In recent months, the COVID-19 pandemic shed light on the essential workers that care for us, manufacture everyday products, restock our shelves and deliver necessities in corrugated boxes to our doorstep.
For the paper and wood products industry, this meant a laser focus from the news media on tissue production. Tissue products are just one of many significant stories in the industry’s importance to the overall supply chain. Manufacturing facilities across the country are producing paper food containers, copy paper, shipping boxes, PPE for hospitals and more – all while setting the standard for sustainable manufacturing.
Yet the United States’ widely debated energy policy has made it difficult for U.S. paper producers to plan for the future and retain a competitive edge. An important step toward protecting these domestic jobs is definitively designating wood biomass energy as carbon neutral, as it has been elsewhere around the world.
On average, about two-thirds of the energy used to make paper comes from biomass rather than fossil fuels. In fact, the forest products industry is the largest producer and user of bioenergy of any industrial sector.
Until our bioenergy is designated as carbon neutral, it will be subject to cumbersome regulations and permit processes and can’t be counted on as a fuel of the future. When federal policymakers waffle on the issue of biomass energy, it becomes difficult for domestic companies to compete globally or plan for investments in existing and future facilities, putting the U.S. industry at a disadvantage.
This hurts us all, as domestic papermaking is among the most sustainable, environmentally friendly industries, and efforts to reduce greenhouse gas emissions from manufacturing processes are an inherent part of the industry’s environmental stewardship.
Domestic paper facilities help ensure that more trees are replanted than harvested each year, and in the United States alone, forests and forest products stored enough carbon in 2018 to offset more than 12 percent of the nation’s total CO2 emissions.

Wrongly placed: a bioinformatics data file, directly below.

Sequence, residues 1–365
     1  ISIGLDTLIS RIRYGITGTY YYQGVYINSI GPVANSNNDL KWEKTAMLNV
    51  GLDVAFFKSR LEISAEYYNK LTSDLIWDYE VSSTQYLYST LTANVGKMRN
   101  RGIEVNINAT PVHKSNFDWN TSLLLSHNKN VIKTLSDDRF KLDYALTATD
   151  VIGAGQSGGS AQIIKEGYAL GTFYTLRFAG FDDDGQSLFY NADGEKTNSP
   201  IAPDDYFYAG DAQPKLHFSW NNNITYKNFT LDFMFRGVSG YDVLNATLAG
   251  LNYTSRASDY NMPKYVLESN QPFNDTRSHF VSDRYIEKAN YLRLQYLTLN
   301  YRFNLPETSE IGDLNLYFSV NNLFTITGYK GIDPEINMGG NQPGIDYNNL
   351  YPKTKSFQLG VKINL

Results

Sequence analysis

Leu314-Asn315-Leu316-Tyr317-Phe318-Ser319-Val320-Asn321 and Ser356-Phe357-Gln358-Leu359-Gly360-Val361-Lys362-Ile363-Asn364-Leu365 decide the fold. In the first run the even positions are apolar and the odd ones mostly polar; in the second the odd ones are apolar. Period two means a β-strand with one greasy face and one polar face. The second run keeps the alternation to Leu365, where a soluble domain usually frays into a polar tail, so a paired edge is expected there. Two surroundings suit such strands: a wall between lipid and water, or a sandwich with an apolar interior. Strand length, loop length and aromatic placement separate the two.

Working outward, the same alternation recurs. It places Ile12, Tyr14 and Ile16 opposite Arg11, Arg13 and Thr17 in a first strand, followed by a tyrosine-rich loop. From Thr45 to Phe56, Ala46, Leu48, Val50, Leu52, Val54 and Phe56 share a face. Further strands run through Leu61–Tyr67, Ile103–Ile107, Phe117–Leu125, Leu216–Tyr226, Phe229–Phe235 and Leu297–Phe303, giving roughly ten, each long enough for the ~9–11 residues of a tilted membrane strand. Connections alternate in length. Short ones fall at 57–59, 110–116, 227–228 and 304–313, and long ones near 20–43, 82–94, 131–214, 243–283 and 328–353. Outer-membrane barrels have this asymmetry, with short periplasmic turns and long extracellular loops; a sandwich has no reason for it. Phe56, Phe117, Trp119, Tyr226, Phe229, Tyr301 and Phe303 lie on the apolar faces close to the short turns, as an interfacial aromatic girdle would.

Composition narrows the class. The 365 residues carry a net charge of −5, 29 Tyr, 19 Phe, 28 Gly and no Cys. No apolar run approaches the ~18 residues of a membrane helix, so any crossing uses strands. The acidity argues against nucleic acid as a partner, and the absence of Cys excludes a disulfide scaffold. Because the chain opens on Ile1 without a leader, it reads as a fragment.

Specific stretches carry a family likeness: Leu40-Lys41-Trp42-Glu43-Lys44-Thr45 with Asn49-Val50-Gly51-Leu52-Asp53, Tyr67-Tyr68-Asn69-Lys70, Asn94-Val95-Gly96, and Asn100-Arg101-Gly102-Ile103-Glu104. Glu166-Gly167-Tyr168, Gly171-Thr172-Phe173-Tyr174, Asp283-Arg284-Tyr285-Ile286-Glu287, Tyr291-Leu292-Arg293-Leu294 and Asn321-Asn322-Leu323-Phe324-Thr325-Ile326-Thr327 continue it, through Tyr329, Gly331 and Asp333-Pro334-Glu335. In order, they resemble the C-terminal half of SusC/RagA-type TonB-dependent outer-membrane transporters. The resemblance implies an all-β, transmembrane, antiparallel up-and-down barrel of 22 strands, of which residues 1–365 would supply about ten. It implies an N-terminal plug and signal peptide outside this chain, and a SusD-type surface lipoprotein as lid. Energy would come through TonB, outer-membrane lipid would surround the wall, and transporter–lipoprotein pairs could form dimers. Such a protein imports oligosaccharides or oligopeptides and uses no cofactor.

Domestic paper producers are also diligent that no part of the tree goes to waste. From the top of the tree to the base, every part is used. And, the byproducts that can’t be used to make paper and packaging – branches, bark and liquid biofuel – are used to efficiently generate bioenergy to power the mills.
If domestic paper mills did not harness bioenergy from the residuals of their manufacturing process to displace fossil fuels, that biomass would decay and release much more carbon and methane into the atmosphere. This is equivalent to removing about 35 million cars from the road. In some cases, the ability of mills to sell this clean energy back to the grid kept these facilities operating when demand for product dipped, which ensured those essential jobs stayed in place.
Repeated studies, agencies, institutions, legislation and rules around the world – in addition to 100 forestry scientists – recognize the carbon neutrality of biomass harvested from sustainably-managed forests.
In the meantime, approximately 950,000 American workers, many of whom are members of the United Steelworkers union, face an uncertain future.
At a time when tens of millions of Americans are out of work, we cannot afford to concede these good-paying, family-sustaining jobs. On average, paper workers earned 24 percent more than the national average of all non-farm private sector employees, and many of these facilities are located in small, rural communities where papermaking forms the backbone of the local economy.
The U.S. Congress, last December, once again stated its intent that long-term federal regulatory policy should reflect the carbon neutrality of forest-based biomass in domestic spending legislation, as it has done for the past four years. Workers and their families now urgently need the Environmental Protection Agency to advance a long-awaited policy that acknowledges the carbon neutrality of biomass, and the role it plays in providing significant greenhouse gas reduction benefits to the environment.
A clear, science-based approach will promote the efficient and responsible use of domestic natural resources in the manufacturing of paper products and level the playing field for the industry. This, in turn, will help preserve both good jobs and a clean environment.
Leeann Foster is international vice president of the United Steelworkers overseeing the paper sector, and Heidi Brock is president and CEO of the American Forest & Paper Association.
Morning Consult welcomes op-ed submissions on policy, politics and business strategy in our coverage areas. Updated submission guidelines can be found here.